American apathy: Weak ratings for Jan. 6 hearings reveal voter priorities

The Jan. 6 hearings enter their third week on Capitol Hill this week. Is the American public paying attention? 

Looking at the numbers, the answer appears to be mostly no. Opening night in primetime did attract nearly 20 million viewers, which some in the media touted as a real indicator that these hearings were resonating with voters. But in context, nearly 20 million across a dozen networks isn’t all that great. 

For example, the evening newscasts on ABC, NBC and CBS draw an average of 18-20 million viewers per night. So, when we hear that almost 20 million people watched the Jan. 6 hearings across ABC, NBC, CBS andCNN, MSNBC and Fox Business, along with six other networks, suddenly that viewership doesn’t look so hot.  

More context: President Biden’s State of the Union address earlier this year was watched by nearly 40 million people, or about twice as many as watched the opening act of these hearings.

And more context: On CBS on June 9, an episode of a program called “Young Sheldon” was preempted by the hearings. The network drew 3.24 million viewers, or about 600,000 fewer viewers than a rerun of “Young Sheldon,” which was watched by 3.86 million the week before. And when compared to “Young Sheldon’s” last non-repeat on May 19, that drew 6.9 million viewers, or more than double the inaugural hearing on CBS. 

When taken out of primetime, the 1/6 numbers almost completely cratered. Monday, June 13 saw an average of about 10 million viewers. By Day three on Thursday, the number of viewers dropped even further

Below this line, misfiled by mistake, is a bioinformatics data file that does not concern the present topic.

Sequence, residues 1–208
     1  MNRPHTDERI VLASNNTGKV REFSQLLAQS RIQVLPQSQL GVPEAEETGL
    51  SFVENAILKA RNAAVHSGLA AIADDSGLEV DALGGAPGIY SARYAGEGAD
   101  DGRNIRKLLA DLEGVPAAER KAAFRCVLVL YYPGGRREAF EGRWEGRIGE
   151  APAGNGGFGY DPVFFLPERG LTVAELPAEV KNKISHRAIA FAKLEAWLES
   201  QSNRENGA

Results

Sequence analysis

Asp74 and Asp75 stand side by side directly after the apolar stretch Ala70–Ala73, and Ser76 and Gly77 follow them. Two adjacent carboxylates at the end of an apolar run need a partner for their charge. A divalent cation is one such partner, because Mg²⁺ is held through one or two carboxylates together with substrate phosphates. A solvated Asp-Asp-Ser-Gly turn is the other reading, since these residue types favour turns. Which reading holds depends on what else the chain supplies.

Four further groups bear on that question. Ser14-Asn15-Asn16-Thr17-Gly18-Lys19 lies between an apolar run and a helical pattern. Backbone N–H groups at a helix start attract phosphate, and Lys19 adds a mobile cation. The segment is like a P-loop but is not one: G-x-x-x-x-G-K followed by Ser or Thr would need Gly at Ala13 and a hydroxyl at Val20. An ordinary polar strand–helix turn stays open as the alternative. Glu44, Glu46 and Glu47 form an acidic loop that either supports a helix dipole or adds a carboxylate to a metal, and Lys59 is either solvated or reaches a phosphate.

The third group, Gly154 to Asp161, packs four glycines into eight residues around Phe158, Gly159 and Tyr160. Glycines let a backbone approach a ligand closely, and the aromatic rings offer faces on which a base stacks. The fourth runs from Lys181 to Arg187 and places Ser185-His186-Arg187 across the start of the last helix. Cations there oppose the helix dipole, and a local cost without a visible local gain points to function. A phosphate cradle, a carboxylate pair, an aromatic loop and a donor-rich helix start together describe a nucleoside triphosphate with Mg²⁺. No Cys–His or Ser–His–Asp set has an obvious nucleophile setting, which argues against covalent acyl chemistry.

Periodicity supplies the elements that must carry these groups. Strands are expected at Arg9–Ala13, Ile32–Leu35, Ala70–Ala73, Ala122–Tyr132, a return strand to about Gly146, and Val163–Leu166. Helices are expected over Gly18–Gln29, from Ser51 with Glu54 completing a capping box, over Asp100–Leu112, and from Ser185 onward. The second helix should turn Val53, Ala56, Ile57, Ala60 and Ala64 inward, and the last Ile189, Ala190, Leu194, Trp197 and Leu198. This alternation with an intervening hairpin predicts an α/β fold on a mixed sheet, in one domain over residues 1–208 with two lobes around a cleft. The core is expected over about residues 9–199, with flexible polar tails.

Consider also the perception of these hearings, which some in the media keep referring to as bipartisan when they are not, at least in spirit. Just 51 percent of voters approve of the House select committee, according to Morning Consult. Among independent voters, the number drops to 45 percent. 

In other words, half the country respects the committee while half does not. If the goal is to change minds and make people care more than before, that doesn’t seem to be happening. Most importantly, none of the witnesses are facing anything resembling cross-examination because the minority party is not truly represented. (Staunch Trump critics Reps. Liz Cheney (R-Wyo.) and Adam Kinzinger (R-Ill.) don’t count regardless of the letter next to their name.) 

This doesn’t mean that Jan. 6, a horrible day for this country, should not be investigated. But a truly bipartisan commission like the 9/11 commission should have been the goal here. Instead, what we’re seeing is just more political theater at a time when Americans are concerned about more important things: 40-year-high inflation, record-high gas prices, skyrocketing crime, a porous border bringing in millions of illegal immigrants and record numbers dying of fentanyl. And a war in Ukraine that isn’t ending anytime soon. 

There’s a “been there, done that” feel to all of this. Donald Trump was already impeached over his rhetoric that helped fuel the Capitol riot 17 months ago. More importantly, unlike President Nixon during the Watergate hearings nearly 50 years ago, which 71 percent of the country tuned in for, Trump is no longer in office. 

The goal appears to be to make Trump and his inner circle look bad. And the committee has certainly succeeded at that. But the chairman of the committee has already said it will not make any official criminal referrals to the Justice Department, and Trump has already been impeached over Jan. 6.

Audiences have largely tuned out the Jan. 6 hearings as it rolls to its conclusion. And it’s hard to see a scenario under which anyone is talking about it come July 6 let alone Nov. 8. 

Joe Concha is a media and politics columnist.

Tags Adam Kinzinger Biden Donald Trump impeachment Jan. 6 House committee January 6 January 6 attack on the Capitol January 6 riots

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